ERIC Number: ED410516
Record Type: RIE
Publication Date: 1997-Apr
Reference Count: N/A
Designing Schools To Enhance the Academic and Social Outcomes of All Students.
Nelson, J. Ron
When students increasingly exhibited disruptive behavior at a particular school, a comprehensive multilevel discipline program was developed to respond to the students' behavior. The conceptual model and key intervention approaches used in this multilevel discipline program are described in this paper. Previous experience convinced school personnel that the school-wide discipline program must be based on the view that disruptive behavior is primarily a socialization problem rather than a sickness. Therefore, the discipline program emphasized direct intervention approaches within and across all school settings and it relied on teaching students acceptable social norms. The interventions are universal because all students are exposed in the same way at the same level. Outlined here are the school-wide discipline plan, ecological arrangements, behavioral guidelines, supervision, and classroom management strategy, also called think time. The latter emphasizes catching disruptive behavior early, designating a specific classroom for think time, monitoring students moving to and entering a designated think-time classroom, performing a think-time debriefing process, checking students' debriefing responses, watching students rejoin the class, employing the use of other consequences, and instituting guidelines governing the use of the think-time strategy. Also discussed are targeted interventions and some intensive comprehensive interventions. The program not only effectively reduced the level of disruptive behavior, but also enhanced the academic performance and school survival skills of at-risk and target students. Additionally, the program enabled teachers to shift their focus from discipline problems toward instructional matters. (RJM)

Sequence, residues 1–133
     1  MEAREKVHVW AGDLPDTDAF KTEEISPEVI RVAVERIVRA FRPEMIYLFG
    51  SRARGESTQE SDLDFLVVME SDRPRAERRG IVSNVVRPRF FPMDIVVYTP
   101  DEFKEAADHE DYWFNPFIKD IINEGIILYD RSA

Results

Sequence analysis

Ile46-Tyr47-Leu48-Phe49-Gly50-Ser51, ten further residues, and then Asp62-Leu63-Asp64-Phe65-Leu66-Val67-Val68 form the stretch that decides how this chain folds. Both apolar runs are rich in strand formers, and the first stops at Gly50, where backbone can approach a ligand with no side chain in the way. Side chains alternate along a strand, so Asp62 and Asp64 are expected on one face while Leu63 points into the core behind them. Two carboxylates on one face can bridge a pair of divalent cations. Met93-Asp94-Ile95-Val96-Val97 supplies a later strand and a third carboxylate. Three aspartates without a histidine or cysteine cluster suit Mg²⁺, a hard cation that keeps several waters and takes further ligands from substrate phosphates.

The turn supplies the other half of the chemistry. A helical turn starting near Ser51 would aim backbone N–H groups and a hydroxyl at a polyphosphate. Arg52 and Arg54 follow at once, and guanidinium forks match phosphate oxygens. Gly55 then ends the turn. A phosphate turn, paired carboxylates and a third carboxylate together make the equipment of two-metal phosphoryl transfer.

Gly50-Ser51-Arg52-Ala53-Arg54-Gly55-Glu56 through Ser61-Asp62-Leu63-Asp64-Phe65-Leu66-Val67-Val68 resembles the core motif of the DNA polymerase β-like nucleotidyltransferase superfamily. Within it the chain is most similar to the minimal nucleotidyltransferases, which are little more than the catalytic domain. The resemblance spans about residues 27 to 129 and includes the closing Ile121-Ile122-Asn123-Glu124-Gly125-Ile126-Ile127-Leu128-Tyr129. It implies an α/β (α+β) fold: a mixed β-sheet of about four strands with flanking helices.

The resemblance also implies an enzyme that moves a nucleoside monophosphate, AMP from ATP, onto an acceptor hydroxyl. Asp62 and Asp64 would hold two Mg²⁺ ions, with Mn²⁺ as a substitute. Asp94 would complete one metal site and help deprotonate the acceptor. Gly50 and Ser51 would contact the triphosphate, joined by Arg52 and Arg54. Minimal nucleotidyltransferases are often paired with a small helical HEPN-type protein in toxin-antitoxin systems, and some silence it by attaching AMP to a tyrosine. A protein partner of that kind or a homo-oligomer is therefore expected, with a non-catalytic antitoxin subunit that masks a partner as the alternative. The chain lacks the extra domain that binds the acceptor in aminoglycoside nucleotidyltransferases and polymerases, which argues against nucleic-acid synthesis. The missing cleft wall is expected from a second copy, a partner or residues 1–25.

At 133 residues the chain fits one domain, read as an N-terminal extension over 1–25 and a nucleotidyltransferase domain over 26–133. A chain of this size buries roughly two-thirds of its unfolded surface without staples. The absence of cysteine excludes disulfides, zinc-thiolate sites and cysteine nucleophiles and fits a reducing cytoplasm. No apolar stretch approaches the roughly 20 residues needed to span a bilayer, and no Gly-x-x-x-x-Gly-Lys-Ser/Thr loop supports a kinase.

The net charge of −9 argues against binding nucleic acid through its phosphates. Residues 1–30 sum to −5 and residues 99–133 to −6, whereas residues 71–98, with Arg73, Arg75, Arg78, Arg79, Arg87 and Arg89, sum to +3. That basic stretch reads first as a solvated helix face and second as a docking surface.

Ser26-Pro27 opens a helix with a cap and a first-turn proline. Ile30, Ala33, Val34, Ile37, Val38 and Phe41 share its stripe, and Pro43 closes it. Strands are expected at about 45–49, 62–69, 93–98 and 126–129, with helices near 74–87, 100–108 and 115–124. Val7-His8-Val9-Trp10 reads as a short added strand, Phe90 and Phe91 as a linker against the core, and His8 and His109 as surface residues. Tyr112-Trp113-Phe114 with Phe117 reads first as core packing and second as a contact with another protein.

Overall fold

Publication Type: Reports - Descriptive; Speeches/Meeting Papers
Education Level: N/A
Sponsor: Department of Education, Washington, DC.
Authoring Institution: N/A
Note: Paper presented at the Annual Meeting of the National Association of School Psychologists (Anaheim, CA, April 2-5, 1997).